Plastic Roads in Asia: Current Implementations and Should It Be Considered?
2. Research Rationale and Methodology
2.1. The Planning Phases
2.2. Data Source and Search Strategy
2.3. Inclusion and Exclusion Criteria
2.4. Data Extraction and Synthesis
3. Plastic Roads Construction in Asian Countries
3.1. Expansion of Plastic Road Idea in Asia
- Collection and Sorting: Waste plastics, such as plastic bags, bottles, and packaging materials, are collected from various sources, including recycling centers, waste management facilities, and consumer collections. These plastics may undergo sorting to separate different types and remove any contaminants.
- Shredding and Granulation: The collected plastics are then shredded into smaller pieces or granulated into small pellets. This process helps reduce the plastic waste into a manageable size for incorporation into the asphalt mixture.
- Mixing with Asphalt: The shredded or granulated plastic pieces are mixed with hot bitumen, which is the binder material used in asphalt. The heat softens the plastic and allows it to blend homogeneously with the bitumen. The plastic content in the mixture can vary depending on the specific requirements and desired performance of the plastic-modified asphalt.
- Mixing with Aggregates: The plastic-modified bitumen is further mixed with aggregates, such as crushed stone or gravel, to create the final asphalt mixture. This mixture combines the properties of traditional asphalt with the benefits provided by the incorporation of plastic waste.
- Paving and Compaction: The plastic-modified asphalt mixture is then transported to the construction site and laid down on the prepared road surface using conventional paving equipment. The mixture is spread and compacted to achieve the desired thickness and smoothness.
- Road Application: After compaction, the plastic-modified asphalt forms a durable and flexible road surface, similar to conventional asphalt roads. The plastic content in the mixture enhances the strength, stability, and resistance to cracking, thereby improving the overall performance of the road.
- Southern Asia
- Sri Lanka
- Western Asia
- Saudi Arabia
- United Arab Emirates (UAE)
- Eastern Asia
- South Korea
- Central Asia
- South-Eastern Asia
3.2. Difference between Polymer-Modified Asphalt and Plastic-Modified Asphalt
- Polymer-modified asphalt: Polymer-modified asphalt refers to asphalt mixtures where polymers, such as styrene-butadiene-styrene (SBS) or styrene-butadiene rubber (SBR), are added to the asphalt binder. These polymers are usually derived from synthetic rubber or thermoplastic materials. The polymer content in polymer-modified asphalt is typically higher than that of plastic-modified asphalt.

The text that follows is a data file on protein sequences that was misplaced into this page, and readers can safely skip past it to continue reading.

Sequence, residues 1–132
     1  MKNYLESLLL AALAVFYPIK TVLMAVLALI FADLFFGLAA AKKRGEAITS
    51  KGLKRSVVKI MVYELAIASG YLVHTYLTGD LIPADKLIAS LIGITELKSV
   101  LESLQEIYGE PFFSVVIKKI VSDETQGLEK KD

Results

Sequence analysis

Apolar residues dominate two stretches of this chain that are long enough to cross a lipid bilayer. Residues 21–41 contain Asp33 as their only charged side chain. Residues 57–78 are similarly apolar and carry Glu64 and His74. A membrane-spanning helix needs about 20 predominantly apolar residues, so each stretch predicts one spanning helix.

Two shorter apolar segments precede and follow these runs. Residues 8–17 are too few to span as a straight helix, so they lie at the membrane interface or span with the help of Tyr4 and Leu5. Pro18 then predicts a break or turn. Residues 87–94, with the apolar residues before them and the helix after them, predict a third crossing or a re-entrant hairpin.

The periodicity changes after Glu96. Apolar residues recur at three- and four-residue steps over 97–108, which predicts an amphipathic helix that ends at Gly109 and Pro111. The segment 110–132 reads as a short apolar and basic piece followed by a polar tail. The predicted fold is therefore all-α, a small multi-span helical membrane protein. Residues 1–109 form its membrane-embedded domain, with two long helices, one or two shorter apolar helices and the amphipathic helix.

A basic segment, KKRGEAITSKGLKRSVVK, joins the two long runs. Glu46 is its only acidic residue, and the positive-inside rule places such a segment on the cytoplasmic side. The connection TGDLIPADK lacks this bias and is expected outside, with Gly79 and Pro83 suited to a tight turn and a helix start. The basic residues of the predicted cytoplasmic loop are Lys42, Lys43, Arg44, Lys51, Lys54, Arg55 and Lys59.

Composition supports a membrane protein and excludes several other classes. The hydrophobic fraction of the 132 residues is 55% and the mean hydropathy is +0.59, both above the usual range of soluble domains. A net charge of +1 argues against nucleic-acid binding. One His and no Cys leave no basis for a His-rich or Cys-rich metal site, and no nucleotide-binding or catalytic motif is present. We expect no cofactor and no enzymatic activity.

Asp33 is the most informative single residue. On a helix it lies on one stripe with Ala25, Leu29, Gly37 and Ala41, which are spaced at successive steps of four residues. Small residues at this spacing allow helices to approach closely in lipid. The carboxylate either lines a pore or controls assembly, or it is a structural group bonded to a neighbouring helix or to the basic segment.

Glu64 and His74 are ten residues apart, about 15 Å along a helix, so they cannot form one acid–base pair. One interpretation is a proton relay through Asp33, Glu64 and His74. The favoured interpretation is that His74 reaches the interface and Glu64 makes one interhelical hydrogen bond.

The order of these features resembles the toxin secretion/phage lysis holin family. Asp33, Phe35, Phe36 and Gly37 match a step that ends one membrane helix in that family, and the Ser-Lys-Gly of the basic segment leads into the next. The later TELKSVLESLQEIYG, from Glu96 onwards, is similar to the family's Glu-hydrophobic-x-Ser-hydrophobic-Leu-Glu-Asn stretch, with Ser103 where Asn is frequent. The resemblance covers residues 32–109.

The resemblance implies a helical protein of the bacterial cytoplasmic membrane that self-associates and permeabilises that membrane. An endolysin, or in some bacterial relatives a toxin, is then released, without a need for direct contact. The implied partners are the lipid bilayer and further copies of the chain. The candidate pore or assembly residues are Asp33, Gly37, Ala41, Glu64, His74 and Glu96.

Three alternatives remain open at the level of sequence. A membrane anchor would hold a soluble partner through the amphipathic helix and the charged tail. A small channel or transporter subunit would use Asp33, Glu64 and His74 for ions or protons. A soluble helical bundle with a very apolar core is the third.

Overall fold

- Purpose: The addition of polymers is aimed at improving the performance characteristics of the asphalt. Polymers enhance elasticity, flexibility, and resistance to deformation and cracking, making the asphalt binder more durable and able to withstand heavy traffic loads and harsh weather conditions.
- Properties: Polymer-modified asphalt exhibits improved rutting resistance, reduced cracking, and increased elasticity compared to conventional asphalt. It also offers enhanced adhesion to aggregates and improved resistance to moisture damage.
- Application: Polymer-modified asphalt is commonly used in high-stress areas such as intersections, heavy traffic zones, and airports. It is also employed in regions with extreme climates where asphalt durability is crucial.
- Plastic-modified asphalt: Plastic-modified asphalt, as discussed earlier, involves incorporating waste plastics, such as plastic bags, bottles, and packaging materials, into the asphalt mixture.
- Purpose: The primary objective of adding plastic waste to the asphalt is waste management and recycling. By incorporating plastics into roads, it offers a sustainable solution for plastic waste disposal, reducing landfill usage and environmental pollution.
- Properties: Plastic-modified asphalt exhibits improved resistance to cracking, better durability, and reduced moisture susceptibility compared to conventional asphalt. The plastic content helps enhance the strength and stability of the road surface.
- Application: Plastic-modified asphalt is suitable for various road applications, including highways, urban roads, and residential streets. It is considered a greener alternative to conventional asphalt and is particularly relevant in regions with significant plastic waste generation.
4. Considering Plastic Roads in Asian Countries
4.1. Plastic-Modified Asphalt
4.2. Consideration Aspects
- Governmental policies
- Stakeholders’ perspectives
- Geographical characteristics
- Supply of raw materials and manpower
5. Environmental and Human Health Adverse Effects of Plastic Roads
5.1. Adverse Effects on the Environment and Human Health
5.2. Limited Risk Assessments
- Waste management: Plastic roads provide a sustainable solution for managing plastic waste by repurposing it into road construction materials. This helps reduce plastic pollution and landfill usage.
- Improved road performance: Plastic-modified asphalt can enhance the durability, flexibility, and resistance to cracking and deformation of road surfaces. This can result in longer lasting and more resilient roads, reducing the need for frequent repairs and maintenance.